What Is a Living Revocable Trust?

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 What Is a Living Revocable Trust?

Generally speaking, a trust typically covers three distinct phases of its creator’s life:

  • Phase one includes those times when the creator is still alive and well;
  • Phase two covers any period of the creator’s life in which they become mentally or physically incapacitated; and
  • Phase three refers to everything that happens after the creator dies. 

A living revocable trust, also known as a “revocable inter vivos trust”, is a specific type of trust that is formed while the creator of the trust (i.e., the settlor) is still alive. Unlike other kinds of trusts, a living revocable trust allows the settlor to modify, amend, or revoke the trust in accordance with their own desires and intentions. 

For instance, if certain assets being held in the trust were originally meant to be distributed to the settlor’s spouse and their spouse files for divorce, then the settlor can revoke the terms of the trust. They can amend it to have those assets assigned to a different beneficiary.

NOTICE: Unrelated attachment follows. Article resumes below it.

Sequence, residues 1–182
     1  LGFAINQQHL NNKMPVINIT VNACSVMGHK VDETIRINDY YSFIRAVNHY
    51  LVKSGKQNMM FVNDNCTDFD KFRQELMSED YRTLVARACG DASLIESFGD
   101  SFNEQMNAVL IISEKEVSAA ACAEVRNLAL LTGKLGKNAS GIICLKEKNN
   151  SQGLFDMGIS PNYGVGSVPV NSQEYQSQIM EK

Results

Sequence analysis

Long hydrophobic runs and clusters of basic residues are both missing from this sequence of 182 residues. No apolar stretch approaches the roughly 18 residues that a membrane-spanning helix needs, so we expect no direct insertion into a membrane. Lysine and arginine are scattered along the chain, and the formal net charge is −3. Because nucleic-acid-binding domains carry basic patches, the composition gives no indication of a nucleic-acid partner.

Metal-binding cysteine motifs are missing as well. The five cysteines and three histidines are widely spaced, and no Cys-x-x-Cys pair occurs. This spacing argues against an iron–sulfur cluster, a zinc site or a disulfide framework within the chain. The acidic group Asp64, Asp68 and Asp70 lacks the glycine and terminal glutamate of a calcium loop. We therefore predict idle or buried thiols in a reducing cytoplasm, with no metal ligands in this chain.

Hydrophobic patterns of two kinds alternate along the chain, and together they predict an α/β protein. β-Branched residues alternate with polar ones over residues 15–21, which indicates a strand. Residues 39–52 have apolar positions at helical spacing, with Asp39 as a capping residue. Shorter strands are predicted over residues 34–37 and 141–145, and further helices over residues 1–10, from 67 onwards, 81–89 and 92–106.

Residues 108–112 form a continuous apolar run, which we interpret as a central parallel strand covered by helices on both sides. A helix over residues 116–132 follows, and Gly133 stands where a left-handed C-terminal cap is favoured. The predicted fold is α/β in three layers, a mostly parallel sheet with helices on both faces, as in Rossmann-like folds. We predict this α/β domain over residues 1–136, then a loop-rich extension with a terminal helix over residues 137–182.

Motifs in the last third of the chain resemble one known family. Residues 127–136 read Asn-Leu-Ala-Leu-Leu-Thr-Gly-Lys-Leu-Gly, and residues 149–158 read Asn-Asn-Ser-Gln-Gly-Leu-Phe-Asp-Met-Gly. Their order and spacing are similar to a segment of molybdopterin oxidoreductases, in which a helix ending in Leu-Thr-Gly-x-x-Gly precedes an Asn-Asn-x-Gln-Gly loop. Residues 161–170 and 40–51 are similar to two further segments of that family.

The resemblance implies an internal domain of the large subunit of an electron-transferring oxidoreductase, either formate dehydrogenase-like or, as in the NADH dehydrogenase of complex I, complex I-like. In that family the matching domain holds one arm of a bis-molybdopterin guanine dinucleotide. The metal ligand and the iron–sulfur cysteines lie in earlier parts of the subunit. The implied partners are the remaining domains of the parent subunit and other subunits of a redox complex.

In cases where the trust document does not provide specific instructions or conditions, then the trust can be revoked at any time prior to the settlor’s death. It should be noted, however, that state laws can vary widely when it comes to the requirements of setting up and managing a living revocable trust. Thus, you will need to think about your goals and the types of property you own before you decide to form a living revocable trust.

Finally, if you need help setting up a living revocable trust, you should contact a local estate planning attorney for further guidance. An attorney can make sure that your trust is formed properly and is valid in the eyes of the law. Your attorney may also be able to provide some advice about which types of assets can benefit from being placed in a trust. They can also discuss whether your estate will be able to avoid the entire probate process. 

Why Make a Revocable Trust?

The main reason as to why anyone would want to create a living revocable trust is to avoid probate. This can help their surviving beneficiaries to retain more of the trust property as well as can protect the trust property from being reduced during the probate process. Some other reasons that a person might want to form a living revocable trust include: